Wolf Blitzer delivers the most important breaking news and political, international, and national security stories of the day. Tune to The Situation Room weekdays 5-7pm ET on CNN.
By CNN's Wolf Blitzer
(CNN) – You have to give Republican presidential candidate Rick Perry at least some credit for putting major changes in Social Security on the table. Most politicians don’t even want to touch this subject, especially because older Americans love their Social Security benefits, and older Americans vote in much higher percentages than younger Americans.
Perry is proposing very significant changes. For example, he wants to raise the retirement eligibility age.
“We ought to work to raise the retirement age for younger workers – on a gradual basis – to reflect the longer life span of today’s Americans,” he says. “I will work with Congress to determine the right formula, beginning at the right age. But this is common sense, and it can help save Social Security for future generations.”
He also wants to create an option to privatize Social Security.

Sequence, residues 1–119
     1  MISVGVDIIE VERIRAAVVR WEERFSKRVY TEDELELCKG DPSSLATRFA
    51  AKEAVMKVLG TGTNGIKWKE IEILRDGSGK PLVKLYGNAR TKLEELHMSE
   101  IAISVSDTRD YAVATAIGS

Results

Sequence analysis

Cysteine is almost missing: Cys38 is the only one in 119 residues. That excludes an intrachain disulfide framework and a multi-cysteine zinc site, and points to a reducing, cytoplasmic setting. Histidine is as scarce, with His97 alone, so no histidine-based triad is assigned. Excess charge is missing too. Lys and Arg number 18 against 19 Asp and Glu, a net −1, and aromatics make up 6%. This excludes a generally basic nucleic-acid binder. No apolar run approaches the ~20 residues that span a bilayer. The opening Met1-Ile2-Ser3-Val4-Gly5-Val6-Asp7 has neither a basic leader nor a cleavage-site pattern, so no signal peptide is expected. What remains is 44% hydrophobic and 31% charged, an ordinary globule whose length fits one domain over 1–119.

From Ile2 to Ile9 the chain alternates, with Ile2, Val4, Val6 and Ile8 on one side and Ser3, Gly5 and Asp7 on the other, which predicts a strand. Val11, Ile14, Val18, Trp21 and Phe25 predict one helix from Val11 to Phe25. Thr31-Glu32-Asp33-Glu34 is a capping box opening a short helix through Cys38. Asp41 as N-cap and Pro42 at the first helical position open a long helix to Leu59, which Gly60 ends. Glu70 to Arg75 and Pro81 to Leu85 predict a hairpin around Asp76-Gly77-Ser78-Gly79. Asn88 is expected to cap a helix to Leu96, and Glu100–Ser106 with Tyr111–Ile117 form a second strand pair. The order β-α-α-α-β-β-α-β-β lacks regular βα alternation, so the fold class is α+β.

“I am not naïve,” he said in South Carolina on Tuesday when he announced his plan. “I know this idea will be attacked.”
As you will recall, former President George W. Bush tried to privatize Social Security. Congress rejected that.
Perry insists “investment in Social Security is so small it is like an interest-bearing savings account. Over the long term, the markets generate a much higher yield.”
He also says people are smart enough to look out for themselves.
“The liberals think the American people cannot be trusted to safeguard even a portion of their own retirement dollars,” he says. “It is time to end the nanny state and empower our people to exercise greater control over their money.”
Perry goes one step further. He says state and local governments should be allowed to “opt out of Social Security and instead allow their employees to pay solely into state and locally run retirement programs. This has been done around the country, with better results. We ought to allow it again.”
Those are all pretty dramatic changes. Let’s see how voters in Iowa, New Hampshire, South Carolina and Florida respond.
RELATED: Details of Perry's tax plan